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Vijai Bulganin, music composer of ‘Daare Ledha’ and ‘Vaanam Thondraadho’, is on board for Telugu film ‘Meet Cute’ and Anand Deverakonda’s next

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The poignant Telugu-Tamil music video ‘Daare Ledha’ and ‘Vaanam Thondraadho’ is the handiwork of composer Vijai Bulganin, who has been signed on for more Telugu films

The warm reception to the Telugu-Tamil bilingual music video Daare Ledha /Vaanam Thondraadho has bolstered the confidence of its music composer Vijai Bulganin. Featuring actors Satya Dev and Roopa Koduvayur as a doctor couple, the song acknowledges the efforts of frontline workers. Produced by Wall Poster Cinema and backed by ChaiBisket, the video urges viewers to continue following COVID-19 appropriate protocols. The video unfolds like a poignant love story rather than a public service announcement.

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The recognition that Vijai has been receiving for his melodious composition is also an affirmation of his decision to discontinue engineering to pursue music, a few years ago.

Small town moorings

Speaking from his residence in Ramachandrapuram near Kakinada, Andhra Pradesh, Vijai says, “My father was a tractor driver and later worked as a lineman in the electricity department. My mother is a homemaker. They stretched their finances to make me study. They supported my decision to pursue music, but I was aware it was a risk.”

Vijai is now composing music for Meet Cute, the Telugu film directed by Deepthi Ganta and produced by stylist Prashanti Tipirneni and Nani, and another film directed by Sai Rajesh starring Anand Deverakonda. He had earlier worked for Telugu films Sapthagiri Express and Vajra Kavacha Dhara Govinda, and simultaneously explored independent music. “I didn’t know how to approach film production houses for work. I thought it would be best to put out a few independent songs to show that I am capable of good work,” says Vijai.

Roopa Koduvayur and Satya Dev in the music video ‘Daare Ledha’/‘Vaanam Thondraadho’

Roopa Koduvayur and Satya Dev in the music video ‘Daare Ledha’/‘Vaanam Thondraadho’
 

The music videos Thatukolede (Vittu Pogathe in Tamil) and Chustu chustune (Parakkireney in Tamil), which he did in collaboration with actor-influencer Deepthi Sunaina and filmmaker Vinay Shanmukh caught the attention of Nani’s sister Deepthi Ganta and wife Anjana, and paved the way for him to be a part of Meet Cute.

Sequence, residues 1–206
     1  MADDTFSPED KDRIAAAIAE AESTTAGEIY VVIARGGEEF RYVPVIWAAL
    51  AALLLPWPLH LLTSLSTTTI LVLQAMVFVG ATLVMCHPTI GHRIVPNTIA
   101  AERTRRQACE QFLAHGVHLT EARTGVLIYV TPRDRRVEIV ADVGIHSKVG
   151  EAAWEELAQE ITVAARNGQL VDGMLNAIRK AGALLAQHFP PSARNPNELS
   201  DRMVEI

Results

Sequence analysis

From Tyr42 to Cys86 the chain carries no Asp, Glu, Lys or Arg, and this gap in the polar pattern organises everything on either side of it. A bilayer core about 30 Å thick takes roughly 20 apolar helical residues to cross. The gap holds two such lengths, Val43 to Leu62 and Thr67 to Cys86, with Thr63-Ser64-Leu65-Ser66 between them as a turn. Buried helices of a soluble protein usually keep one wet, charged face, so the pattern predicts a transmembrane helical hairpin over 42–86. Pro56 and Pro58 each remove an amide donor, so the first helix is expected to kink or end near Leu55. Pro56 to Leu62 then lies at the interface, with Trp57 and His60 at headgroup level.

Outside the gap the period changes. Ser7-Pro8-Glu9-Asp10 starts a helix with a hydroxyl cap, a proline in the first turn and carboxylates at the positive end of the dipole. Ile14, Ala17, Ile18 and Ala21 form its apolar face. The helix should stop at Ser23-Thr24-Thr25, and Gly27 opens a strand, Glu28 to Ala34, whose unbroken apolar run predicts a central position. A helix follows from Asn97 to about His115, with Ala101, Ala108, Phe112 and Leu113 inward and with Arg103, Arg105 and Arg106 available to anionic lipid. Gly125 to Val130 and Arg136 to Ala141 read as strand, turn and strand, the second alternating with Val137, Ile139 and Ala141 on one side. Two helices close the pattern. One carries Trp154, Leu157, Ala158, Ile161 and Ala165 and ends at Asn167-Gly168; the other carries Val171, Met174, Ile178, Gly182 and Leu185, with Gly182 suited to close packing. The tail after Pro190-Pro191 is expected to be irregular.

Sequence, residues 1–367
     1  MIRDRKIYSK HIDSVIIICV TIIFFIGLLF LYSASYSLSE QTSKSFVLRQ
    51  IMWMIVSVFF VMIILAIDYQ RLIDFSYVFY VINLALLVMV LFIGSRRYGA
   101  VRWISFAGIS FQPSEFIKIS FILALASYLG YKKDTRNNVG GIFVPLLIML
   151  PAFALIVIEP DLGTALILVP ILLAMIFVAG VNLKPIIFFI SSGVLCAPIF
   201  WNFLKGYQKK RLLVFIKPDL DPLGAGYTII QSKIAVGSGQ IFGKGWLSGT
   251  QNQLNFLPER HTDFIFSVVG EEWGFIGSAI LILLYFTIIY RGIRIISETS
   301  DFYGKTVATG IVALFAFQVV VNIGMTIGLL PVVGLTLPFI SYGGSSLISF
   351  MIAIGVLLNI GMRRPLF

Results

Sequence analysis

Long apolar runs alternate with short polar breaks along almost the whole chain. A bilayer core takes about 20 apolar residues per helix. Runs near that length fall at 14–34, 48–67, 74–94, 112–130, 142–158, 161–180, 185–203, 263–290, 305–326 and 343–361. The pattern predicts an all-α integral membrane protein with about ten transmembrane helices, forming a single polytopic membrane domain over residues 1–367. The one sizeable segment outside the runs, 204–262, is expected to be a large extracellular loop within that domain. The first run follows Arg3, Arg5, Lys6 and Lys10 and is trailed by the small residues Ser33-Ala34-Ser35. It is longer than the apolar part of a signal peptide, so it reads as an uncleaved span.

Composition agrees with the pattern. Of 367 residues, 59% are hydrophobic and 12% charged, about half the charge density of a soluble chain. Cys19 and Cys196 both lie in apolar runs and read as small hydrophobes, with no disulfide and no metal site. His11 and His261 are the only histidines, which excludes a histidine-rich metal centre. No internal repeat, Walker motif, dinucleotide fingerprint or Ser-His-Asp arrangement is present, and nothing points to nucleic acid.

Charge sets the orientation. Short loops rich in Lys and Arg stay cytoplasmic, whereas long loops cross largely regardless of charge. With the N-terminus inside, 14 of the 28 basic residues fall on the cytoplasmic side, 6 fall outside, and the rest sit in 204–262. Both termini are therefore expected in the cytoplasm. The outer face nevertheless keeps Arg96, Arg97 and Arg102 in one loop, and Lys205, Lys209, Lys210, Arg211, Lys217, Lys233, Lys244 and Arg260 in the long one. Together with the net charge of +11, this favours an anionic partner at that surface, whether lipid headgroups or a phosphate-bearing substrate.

“Deepthi narrated a situation from Meet Cute; I asked her to give me five days so that I can compose two different tunes. She was short of time and said she would prefer one tune in three days. I started composing and it just happened that I was able to give her three tunes within a few hours. Nani felt one of those tunes would be apt for a music video he was planning, which became Daare Ledha.” Vijai remembers the day he got a call from Nani: “Mobile phone connectivity is erratic where I live, so I waited on the terrace when I was told that he is likely to get in touch with me.”

Long-distance collaboration

Daare Ledha/Vaanam Thondraadho shaped up during the second wave of COVID-19 when many States were under lockdown. The song was a result of a long-distance collaboration between Vijai and his friends in Chennai who had access to a recording studio: “I have a small studio setup at home where I composed and did the rough cut; my friends did the final cut. Sound mixing engineer Roshan doubled up as the singer, Bhuvanesh was on the keyboard and piano, and guitarist Edwin Sagar worked from Kerala.”

A career in cinema seemed like a pipe dream for Vijai, a native of Vedurupaka village who moved to Ramachandrapuram for education. He recalls a few of his family members showing keen interest in music: “My grandfather, a doctor, played the violin and my pedananna (uncle) used to sing.”

Vijai grew up listening to songs of A R Rahman and Ilaiyaraaja, before formally training in Carnatic and western classical music. The emerging composer is keen to work on both Telugu and Tamil film projects.

Before we end, I ask him about his surname: “My grandfather named my father after Russian leader Nikolai Bulganin, who visited India in 1955. I have a lot of respect for my father and sought his permission to use Bulganin as my surname.”

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